Saturday, August 21, 2010

The Story of a Magazine, or You Can’t Write That

I have been writing most of my life. My first poem was first published at the age of 13. Through the years, I’ve had magazine articles, poems, short stories, and novels published, and written off and on for local newspapers and magazines.

However, you may ask how did you end up deciding to start a magazine? Well I’ve noticed that things seldom happen “as planned” in life—changes hit you out of the blue all the time. One such change happened to me in December of 2009 when without warning I was laid off from my current job. I found myself going okay now what? And then it hit me! While working in the newspaper world I’d had many ideas of what I felt would be interesting stories that I believed people would enjoy, and been constantly told no we don’t do stories like that, or no we don’t have room, or even no I don’t think people around here would find that interesting. In other words, you can’t write about that. My favorite though was—you go too in depth with your stories.

I decided why not start an online magazine where I’m in control of what goes in it. At first glance it may seem a little self indulgent, but don’t we all have times when we wish we could do what we feel is right? When you reach a point where you’re tired of people telling you that you can’t do what you really want to do and feel in your gut is the right thing to do. So now I’m finally able to do those stories I never got the chance to do, and follow those ideas. I now can write that!

After the idea, came months trying to figure out exactly what would be the focus, what would be a good name, where to find other writers since I had no intention of filling up an entire magazine with only my writing lol, and so on. So I got together with some creative friends and started brainstorming on a name—which seemed to be the place to start. We came up with Kings River Life Magazine. The Kings River runs through my town of Reedley, California and through many other towns in the San Joaquin Valley. The desire was to not be limited to just one community, but be open to writing stories from all the surrounding cities as time went along, so this seemed to be a name that left us open to cover all life on the Kings River.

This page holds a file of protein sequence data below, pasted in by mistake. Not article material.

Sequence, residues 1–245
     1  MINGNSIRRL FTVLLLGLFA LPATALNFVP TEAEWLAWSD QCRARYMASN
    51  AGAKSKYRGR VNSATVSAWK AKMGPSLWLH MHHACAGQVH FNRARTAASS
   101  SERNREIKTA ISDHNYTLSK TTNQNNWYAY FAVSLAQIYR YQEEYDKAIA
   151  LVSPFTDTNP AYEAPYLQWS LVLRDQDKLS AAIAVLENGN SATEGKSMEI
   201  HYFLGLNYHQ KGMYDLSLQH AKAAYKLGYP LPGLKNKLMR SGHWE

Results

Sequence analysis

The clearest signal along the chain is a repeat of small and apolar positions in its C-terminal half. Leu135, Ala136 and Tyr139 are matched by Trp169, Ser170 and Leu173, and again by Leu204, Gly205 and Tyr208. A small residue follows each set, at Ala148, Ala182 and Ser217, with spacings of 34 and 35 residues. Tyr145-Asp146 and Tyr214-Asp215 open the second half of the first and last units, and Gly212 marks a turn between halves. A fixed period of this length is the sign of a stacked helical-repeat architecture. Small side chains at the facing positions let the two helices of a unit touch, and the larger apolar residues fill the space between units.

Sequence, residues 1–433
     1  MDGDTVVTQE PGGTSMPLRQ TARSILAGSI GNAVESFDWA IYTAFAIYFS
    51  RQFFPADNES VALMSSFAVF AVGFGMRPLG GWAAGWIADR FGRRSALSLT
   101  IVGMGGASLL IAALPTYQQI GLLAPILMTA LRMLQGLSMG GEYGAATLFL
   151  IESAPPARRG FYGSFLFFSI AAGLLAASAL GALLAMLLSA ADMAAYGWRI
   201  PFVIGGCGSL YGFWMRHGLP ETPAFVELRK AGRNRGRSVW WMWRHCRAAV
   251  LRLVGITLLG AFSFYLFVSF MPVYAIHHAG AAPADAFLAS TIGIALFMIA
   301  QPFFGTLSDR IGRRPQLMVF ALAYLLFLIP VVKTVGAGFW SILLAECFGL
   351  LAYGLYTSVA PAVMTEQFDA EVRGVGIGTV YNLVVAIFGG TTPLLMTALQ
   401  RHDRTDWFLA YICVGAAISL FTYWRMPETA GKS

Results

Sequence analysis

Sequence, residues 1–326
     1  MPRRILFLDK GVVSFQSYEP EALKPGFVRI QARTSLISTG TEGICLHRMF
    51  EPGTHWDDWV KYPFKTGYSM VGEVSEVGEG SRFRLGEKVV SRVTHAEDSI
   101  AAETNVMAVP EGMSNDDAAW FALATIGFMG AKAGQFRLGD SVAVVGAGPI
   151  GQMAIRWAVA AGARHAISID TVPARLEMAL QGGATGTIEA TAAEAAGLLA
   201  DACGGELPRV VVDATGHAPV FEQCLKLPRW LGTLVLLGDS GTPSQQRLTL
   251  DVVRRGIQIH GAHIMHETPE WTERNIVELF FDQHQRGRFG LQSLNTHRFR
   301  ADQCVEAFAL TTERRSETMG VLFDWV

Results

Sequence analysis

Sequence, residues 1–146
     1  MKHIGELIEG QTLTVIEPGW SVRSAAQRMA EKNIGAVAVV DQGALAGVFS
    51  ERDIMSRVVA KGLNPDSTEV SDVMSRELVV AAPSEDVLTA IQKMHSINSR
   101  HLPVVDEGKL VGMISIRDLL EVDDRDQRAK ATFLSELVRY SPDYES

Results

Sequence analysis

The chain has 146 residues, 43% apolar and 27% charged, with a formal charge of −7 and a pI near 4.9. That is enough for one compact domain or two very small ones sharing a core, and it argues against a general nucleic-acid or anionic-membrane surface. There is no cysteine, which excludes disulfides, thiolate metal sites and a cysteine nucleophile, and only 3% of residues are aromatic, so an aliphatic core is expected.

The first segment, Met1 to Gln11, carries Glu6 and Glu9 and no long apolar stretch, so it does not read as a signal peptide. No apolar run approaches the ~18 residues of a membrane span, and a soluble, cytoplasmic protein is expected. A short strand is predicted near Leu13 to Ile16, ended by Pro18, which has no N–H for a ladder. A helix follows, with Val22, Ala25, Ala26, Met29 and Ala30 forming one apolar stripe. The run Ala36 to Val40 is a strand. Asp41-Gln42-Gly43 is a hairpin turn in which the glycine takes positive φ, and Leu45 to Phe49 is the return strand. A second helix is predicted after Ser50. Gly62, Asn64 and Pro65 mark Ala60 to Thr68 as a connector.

Next, we needed a logo, a photo that was all ours, so the process was started to make that happen and I’m very pleased with what we came up with.

So now what exactly would be our focus? Why not start with areas I know and that I have connections in. One good thing about living in an area your whole life, and working with various local newspapers and magazines, was that you made connections. I’ve gone to church and sung in churches my whole life so let’s cover local ministries—with a special focus on what people are doing to help those in their community. I’m a member of the local Historical Society board so why not local history. My daughter is involved in local theatre and it never gets the coverage it deserves so why not theatre. Music—well I’m a singer so that’s a given. I’ve had a heart and connection with local teens since working with them at the library—so why not a section just for them. Better yet, why not let them write it? I firmly believe in going green—so let’s include that. And reviews of books, music, TV, movies, etc. Yes that sounds good—oh and animals, I love animals and was involved in animal rescue for several years. So that seemed like a good mix—a good place to start. Oh and wait—I write fiction set in the Valley, why not include some of that too. And my husband is involved in sports, and I know a lot of people in the City and Education…

The beauty of it being online and with such an all-encompassing name like Kings River Life, is we aren’t hemmed in to anything. As time goes along, we can expand not only to other communities but to covering whatever we find people want to read.